The number of cases where this is a limiting factor are few, and most of them are with certain rose and carnation varieties. The new foliage is thick or leathery and quickly becomes chlorotic. The rose flowers are usually very malformed. The stem tip dies, giving rise to growth of shoots immediately below, which in turn die at the tip, and a ‘witches broom’ effect is observed. Because deficiency symptoms can sometimes be confused with the effects of some other environmental factor of cultural practice, a thorough review of fertilizer application, soil testing, soil type, watering practices, and other procedures is warranted before hasty conclusions are reached.
An unfortunate belief among many growers is that when a plant does not grow under apparently favorable conditions, the trouble can be overcome by applications of fertilizer. This practice has resulted in untold damage or loss of crops, as more often than not the original trouble could have been too much fertilizer in the soil. If additional fertilizer is applied when no more is needed, the results can be very injurious. Sometimes the difference between a high but safe nutrient level and an injurious nutrient level is not very great and the margin of safety may be extremely small. Therefore, it behaves the grower to test the soil in case of doubt to determine the advisability of fertilizer application.
The plants exhibit heavy, rank growth, with large, dark green leaves that are often crisp and break easily. Additional nitrogen may inhibit root action, causing typical symptoms of iron chlorosis. If the root system is killed, the plants wilt excessively and never recover. This yellowing of the top foliage is very common in chrysanthemums and snapdragons. Over 75 ppm of nitrates is not safe.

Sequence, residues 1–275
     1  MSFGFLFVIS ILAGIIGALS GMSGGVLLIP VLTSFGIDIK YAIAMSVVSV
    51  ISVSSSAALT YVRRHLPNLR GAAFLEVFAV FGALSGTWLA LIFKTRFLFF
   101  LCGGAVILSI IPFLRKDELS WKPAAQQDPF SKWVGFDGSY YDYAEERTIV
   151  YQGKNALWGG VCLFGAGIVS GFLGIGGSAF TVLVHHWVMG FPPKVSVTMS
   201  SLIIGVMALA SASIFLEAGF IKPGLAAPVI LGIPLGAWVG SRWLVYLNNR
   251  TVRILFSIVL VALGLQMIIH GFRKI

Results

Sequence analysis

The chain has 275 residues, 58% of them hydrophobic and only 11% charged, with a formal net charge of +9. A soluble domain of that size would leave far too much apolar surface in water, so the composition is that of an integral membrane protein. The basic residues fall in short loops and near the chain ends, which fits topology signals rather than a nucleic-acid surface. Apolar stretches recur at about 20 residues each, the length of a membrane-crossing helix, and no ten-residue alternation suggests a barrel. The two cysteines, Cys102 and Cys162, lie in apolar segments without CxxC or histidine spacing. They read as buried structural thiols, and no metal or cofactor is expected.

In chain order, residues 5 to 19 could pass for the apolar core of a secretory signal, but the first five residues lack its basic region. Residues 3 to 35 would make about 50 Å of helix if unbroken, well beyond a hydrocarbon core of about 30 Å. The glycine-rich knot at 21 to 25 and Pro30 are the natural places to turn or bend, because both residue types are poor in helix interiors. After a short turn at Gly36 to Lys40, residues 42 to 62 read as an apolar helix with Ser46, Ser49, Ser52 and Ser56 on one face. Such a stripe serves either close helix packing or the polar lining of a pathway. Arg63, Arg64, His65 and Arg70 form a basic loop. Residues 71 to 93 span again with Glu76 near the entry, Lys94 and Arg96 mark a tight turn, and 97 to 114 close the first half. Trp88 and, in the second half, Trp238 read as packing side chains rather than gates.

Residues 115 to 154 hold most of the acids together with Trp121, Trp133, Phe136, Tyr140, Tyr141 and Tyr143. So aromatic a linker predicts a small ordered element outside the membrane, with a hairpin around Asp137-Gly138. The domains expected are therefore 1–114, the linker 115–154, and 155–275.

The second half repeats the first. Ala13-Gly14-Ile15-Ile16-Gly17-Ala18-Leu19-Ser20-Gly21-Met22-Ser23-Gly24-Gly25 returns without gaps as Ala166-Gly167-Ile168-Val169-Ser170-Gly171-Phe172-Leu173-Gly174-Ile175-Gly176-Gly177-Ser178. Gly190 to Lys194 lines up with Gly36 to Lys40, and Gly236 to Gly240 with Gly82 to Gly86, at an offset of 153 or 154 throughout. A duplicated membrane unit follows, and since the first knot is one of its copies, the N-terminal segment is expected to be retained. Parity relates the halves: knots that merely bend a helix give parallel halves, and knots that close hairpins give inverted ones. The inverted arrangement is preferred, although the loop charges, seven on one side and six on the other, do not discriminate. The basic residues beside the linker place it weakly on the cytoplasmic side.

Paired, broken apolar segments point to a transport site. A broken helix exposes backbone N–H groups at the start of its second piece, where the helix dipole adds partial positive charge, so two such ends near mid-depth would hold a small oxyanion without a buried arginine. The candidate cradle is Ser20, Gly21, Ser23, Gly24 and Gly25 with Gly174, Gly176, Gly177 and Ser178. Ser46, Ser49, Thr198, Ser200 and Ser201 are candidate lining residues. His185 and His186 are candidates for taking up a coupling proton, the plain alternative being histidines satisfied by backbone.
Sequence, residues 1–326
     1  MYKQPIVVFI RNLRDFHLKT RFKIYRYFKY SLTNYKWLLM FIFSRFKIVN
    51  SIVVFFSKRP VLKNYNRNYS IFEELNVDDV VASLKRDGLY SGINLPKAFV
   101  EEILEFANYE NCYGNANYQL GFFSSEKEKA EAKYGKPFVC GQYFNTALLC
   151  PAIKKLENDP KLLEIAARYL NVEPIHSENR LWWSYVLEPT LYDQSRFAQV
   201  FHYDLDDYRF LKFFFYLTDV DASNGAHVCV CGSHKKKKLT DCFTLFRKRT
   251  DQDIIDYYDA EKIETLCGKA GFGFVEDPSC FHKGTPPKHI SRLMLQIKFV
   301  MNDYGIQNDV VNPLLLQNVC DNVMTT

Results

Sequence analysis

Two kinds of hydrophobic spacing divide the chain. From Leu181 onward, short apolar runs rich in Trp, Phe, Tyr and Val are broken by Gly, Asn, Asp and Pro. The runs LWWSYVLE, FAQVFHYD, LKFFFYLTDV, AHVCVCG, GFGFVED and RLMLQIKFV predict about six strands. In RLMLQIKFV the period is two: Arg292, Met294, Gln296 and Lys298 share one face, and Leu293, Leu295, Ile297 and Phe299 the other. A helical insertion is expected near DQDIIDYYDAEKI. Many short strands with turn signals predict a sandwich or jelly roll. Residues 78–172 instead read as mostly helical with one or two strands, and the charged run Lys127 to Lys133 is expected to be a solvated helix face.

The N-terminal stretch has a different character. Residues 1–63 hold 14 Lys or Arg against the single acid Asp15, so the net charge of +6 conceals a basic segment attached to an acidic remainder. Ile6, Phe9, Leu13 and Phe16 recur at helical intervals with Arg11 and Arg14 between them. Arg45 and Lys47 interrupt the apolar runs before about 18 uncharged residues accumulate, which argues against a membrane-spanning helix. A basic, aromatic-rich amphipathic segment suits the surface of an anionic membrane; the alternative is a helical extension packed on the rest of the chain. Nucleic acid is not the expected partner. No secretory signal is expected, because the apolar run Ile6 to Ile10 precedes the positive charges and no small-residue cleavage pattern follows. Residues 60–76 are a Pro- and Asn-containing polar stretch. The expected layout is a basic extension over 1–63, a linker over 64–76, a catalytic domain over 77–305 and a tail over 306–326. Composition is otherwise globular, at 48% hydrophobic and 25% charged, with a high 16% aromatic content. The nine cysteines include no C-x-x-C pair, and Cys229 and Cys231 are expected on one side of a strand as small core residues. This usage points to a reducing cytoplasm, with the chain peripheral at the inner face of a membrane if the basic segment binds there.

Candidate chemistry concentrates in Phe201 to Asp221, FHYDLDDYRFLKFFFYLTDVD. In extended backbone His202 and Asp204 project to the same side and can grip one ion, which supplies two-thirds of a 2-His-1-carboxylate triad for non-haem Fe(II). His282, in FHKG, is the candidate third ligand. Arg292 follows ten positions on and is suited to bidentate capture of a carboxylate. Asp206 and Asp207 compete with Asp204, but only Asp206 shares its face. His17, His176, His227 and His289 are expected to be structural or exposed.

Over doses of phosphorus precipitate the iron from the soil solution and make it insoluble and unavailable, causing iron chlorosis to develop. Over 25 ppm may cause trouble.
Up to a certain point, excessive potash apparently is not injurious. Greater amounts inhibit root action and may cause chlorosis, wilting, or immediate death of the plant. Over 60ppm is dangerous.
Usually the pH of the soil will rise when there is excessive calcium. This causes iron chlorosis in many plants and has been called over liming injury. Over 300 ppm is high.
In the normal pH range of soil, there is little danger of excessive iron since phosphorus or calcium will precipitate it from the soil solution. At ph 5.0 or lower, iron becomes very soluble, and on hydrangeas brown dots appear on the leaves, indicating iron is being precipitated as water vapor is lost by transpiration.